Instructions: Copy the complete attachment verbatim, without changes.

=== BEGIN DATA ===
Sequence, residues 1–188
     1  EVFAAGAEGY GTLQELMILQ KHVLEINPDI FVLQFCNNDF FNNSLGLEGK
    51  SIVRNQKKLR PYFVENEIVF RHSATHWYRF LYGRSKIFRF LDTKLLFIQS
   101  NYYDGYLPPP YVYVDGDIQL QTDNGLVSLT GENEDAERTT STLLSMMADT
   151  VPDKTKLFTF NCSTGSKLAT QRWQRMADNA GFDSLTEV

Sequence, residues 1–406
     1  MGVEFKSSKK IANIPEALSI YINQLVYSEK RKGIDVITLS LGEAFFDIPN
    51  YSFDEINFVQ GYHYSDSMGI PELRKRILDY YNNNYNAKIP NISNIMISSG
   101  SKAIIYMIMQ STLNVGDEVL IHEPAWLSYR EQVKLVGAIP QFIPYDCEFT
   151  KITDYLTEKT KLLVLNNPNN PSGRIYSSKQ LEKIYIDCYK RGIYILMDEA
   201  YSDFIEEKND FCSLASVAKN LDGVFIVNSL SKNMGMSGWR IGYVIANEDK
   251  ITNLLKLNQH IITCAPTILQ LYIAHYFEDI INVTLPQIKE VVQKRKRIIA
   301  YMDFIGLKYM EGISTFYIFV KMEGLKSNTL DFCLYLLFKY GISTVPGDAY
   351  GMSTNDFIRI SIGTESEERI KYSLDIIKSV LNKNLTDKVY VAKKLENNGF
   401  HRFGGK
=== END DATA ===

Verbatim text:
Sequence, residues 1–188
     1  EVFAAGAEGY GTLQELMILQ KHVLEINPDI FVLQFCNNDF FNNSLGLEGK
    51  SIVRNQKKLR PYFVENEIVF RHSATHWYRF LYGRSKIFRF LDTKLLFIQS
   101  NYYDGYLPPP YVYVDGDIQL QTDNGLVSLT GENEDAERTT STLLSMMADT
   151  VPDKTKLFTF NCSTGSKLAT QRWQRMADNA GFDSLTEV

Sequence, residues 1–406
     1  MGVEFKSSKK IANIPEALSI YINQLVYSEK RKGIDVITLS LGEAFFDIPN
    51  YSFDEINFVQ GYHYSDSMGI PELRKRILDY YNNNYNAKIP NISNIMISSG
   101  SKAIIYMIMQ STLNVGDEVL IHEPAWLSYR EQVKLVGAIP QFIPYDCEFT
   151  KITDYLTEKT KLLVLNNPNN PSGRIYSSKQ LEKIYIDCYK RGIYILMDEA
   201  YSDFIEEKND FCSLASVAKN LDGVFIVNSL SKNMGMSGWR IGYVIANEDK
   251  ITNLLKLNQH IITCAPTILQ LYIAHYFEDI INVTLPQIKE VVQKRKRIIA
   301  YMDFIGLKYM EGISTFYIFV KMEGLKSNTL DFCLYLLFKY GISTVPGDAY
   351  GMSTNDFIRI SIGTESEERI KYSLDIIKSV LNKNLTDKVY VAKKLENNGF
   401  HRFGGK